As mentioned before, the Chinese New Year Celebration is very important for Chinese people, especially for the people who live abroad. For this reason, the celebration got a lot of people in the communities involved. In the Tibetan dance was given by a group of dancers with average age of 76. The oldest dancer was 82 years old, but they still gave a vivid dance show. You could see the passion and happiness on their faces. The 12-year-old girl who danced Dream won the First Prize in a State Dance Competition last year. The boy who performed Peking Opera—Taking Mount Tiger with Strategy—was only 10 years old but showed a full expression and spirit of the character. Most of the performers were not professional but still trying to bring as much joyfulness as possible to everyone, sending their best wishes. Some of them are students, some are retired people, some are teachers, and some are regular workers. No matter what vocation they are in, the purpose they shared is the same—to celebrate the New Year and bring good luck to everyone!
Special thanks to Ms. Caroline C. Macdonell who commented and revised this article.
By Yutong Xin, PhD.
Translated by Qiyuan Zheng
Photograph by Wenzheng Liu
Lichun, or The Beginning of Spring, is the first Solar Term of a year, which falls on February 4th for the year 2013. In order to greet the coming Chinese New Year, Confucius Institute at Cleveland State University organized the Second New Year “Dumpling Festival” for the teachers and students at Campus International School.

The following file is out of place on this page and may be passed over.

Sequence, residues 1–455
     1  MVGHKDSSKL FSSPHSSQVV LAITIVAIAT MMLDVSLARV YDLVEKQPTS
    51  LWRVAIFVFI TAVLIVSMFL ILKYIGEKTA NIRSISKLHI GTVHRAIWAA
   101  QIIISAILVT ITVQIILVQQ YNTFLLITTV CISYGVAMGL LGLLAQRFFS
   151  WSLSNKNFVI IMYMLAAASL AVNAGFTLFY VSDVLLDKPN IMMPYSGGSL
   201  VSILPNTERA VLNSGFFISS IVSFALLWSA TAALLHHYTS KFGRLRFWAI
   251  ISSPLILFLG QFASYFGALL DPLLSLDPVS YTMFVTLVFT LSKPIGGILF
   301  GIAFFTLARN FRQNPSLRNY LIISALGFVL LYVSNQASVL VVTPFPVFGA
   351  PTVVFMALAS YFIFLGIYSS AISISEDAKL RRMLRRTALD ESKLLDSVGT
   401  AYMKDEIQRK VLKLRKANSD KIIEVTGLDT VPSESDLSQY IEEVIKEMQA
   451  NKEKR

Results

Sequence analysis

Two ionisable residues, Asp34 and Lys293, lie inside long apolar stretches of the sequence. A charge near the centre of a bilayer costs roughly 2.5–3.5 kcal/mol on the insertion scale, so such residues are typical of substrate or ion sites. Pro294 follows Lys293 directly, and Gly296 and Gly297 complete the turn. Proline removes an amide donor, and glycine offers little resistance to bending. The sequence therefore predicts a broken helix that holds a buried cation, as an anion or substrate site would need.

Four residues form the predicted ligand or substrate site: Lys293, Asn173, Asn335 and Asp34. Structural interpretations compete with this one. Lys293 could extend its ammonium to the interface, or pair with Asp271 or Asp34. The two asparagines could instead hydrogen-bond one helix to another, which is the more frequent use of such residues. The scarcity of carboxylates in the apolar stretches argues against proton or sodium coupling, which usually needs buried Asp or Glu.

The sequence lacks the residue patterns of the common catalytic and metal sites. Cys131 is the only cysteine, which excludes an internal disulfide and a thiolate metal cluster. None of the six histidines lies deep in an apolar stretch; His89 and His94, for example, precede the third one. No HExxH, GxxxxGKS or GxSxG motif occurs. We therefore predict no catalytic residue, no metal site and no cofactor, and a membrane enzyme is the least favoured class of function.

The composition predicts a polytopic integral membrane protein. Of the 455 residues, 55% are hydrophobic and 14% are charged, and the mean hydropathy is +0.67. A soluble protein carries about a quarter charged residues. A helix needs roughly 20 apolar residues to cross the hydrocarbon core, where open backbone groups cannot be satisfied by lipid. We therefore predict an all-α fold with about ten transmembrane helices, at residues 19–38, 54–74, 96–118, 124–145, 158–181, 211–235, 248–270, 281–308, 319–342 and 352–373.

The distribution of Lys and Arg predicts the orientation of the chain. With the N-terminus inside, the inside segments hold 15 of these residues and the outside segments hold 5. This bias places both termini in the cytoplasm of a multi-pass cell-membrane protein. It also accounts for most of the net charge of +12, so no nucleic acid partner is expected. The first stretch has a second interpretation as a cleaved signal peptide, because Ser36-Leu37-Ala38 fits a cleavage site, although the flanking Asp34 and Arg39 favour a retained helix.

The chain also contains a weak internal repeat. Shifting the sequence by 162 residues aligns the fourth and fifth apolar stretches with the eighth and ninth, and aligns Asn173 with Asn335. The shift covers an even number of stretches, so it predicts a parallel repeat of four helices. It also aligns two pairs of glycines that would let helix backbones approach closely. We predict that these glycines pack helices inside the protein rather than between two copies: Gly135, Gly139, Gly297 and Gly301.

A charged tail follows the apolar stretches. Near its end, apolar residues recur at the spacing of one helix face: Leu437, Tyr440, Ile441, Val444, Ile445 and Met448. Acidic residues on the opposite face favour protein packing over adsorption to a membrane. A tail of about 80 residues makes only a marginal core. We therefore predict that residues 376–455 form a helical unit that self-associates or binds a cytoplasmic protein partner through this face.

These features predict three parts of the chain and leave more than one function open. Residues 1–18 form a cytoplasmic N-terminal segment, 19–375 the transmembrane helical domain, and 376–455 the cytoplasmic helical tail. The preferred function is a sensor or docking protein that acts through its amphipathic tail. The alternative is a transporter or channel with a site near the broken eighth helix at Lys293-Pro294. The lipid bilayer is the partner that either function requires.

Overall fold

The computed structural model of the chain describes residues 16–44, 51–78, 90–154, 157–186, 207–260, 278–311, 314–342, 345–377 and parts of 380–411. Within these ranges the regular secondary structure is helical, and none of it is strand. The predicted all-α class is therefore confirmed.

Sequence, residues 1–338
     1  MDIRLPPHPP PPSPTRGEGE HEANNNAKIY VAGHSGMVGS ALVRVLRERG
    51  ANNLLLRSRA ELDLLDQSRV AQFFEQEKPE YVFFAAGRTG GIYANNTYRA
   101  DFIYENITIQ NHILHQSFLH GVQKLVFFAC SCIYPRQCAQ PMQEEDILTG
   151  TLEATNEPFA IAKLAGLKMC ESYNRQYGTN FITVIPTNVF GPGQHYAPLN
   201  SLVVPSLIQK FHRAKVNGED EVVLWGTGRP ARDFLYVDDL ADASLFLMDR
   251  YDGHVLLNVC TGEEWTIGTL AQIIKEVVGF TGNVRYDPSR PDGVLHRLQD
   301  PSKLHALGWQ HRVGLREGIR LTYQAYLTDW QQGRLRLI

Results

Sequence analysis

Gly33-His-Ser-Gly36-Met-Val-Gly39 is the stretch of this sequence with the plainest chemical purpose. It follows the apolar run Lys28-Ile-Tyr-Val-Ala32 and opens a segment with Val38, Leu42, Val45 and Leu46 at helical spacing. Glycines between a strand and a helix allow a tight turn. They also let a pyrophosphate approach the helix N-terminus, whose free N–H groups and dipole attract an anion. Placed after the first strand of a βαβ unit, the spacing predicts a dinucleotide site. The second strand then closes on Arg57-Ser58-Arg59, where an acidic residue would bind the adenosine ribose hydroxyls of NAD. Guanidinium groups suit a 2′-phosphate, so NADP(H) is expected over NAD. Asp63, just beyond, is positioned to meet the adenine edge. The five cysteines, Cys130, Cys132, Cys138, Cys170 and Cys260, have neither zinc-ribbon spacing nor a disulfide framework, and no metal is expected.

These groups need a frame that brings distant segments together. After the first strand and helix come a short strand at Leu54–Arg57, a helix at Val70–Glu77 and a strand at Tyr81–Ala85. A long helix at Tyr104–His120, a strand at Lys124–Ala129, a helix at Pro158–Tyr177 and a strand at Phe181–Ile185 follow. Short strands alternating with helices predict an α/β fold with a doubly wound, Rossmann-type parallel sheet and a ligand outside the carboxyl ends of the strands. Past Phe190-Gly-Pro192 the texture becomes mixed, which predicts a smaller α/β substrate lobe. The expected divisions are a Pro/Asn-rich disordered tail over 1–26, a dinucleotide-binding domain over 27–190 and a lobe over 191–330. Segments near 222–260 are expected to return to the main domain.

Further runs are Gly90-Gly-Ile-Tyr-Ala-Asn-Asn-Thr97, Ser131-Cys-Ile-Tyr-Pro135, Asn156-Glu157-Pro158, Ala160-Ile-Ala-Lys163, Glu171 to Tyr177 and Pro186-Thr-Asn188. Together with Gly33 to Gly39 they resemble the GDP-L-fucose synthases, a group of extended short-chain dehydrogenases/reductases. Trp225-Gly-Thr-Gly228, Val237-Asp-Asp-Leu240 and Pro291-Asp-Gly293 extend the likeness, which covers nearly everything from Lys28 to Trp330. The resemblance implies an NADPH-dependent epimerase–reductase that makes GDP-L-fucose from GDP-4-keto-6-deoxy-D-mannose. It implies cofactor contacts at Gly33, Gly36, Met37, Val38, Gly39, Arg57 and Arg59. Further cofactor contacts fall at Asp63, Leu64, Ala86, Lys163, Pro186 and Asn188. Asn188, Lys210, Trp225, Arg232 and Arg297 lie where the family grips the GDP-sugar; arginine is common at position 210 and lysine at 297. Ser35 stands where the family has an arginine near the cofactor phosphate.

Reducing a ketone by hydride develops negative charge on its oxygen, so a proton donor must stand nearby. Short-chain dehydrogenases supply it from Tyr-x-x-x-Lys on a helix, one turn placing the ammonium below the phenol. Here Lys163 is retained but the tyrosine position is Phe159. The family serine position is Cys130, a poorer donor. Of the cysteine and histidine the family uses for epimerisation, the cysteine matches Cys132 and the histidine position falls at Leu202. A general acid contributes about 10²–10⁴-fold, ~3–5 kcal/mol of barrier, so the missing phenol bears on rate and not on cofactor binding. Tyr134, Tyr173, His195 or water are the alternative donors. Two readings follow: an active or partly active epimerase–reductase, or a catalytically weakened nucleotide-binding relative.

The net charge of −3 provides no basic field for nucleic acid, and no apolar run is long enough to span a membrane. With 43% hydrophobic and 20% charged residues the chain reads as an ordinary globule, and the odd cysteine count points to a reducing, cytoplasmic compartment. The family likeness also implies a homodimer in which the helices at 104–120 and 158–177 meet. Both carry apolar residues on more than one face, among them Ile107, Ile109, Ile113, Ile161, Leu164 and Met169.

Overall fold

During the Festival, all the teachers, students, and parent volunteers watched the whole process of making dumplings by Chinese teachers that mixing, rolling, wrapping, and finally boiling the dumplings. Also, they listened and took notes carefully on each step; many of them even made the dumplings themselves. Later, they learned how to eat dumplings with chopsticks. The teachers, students, and parent volunteers were very satisfied and happy with the dumplings they made. They said the dumplings are very delicious and easy to learn, and indicated that they will learn making dumplings at home and practice using chopsticks.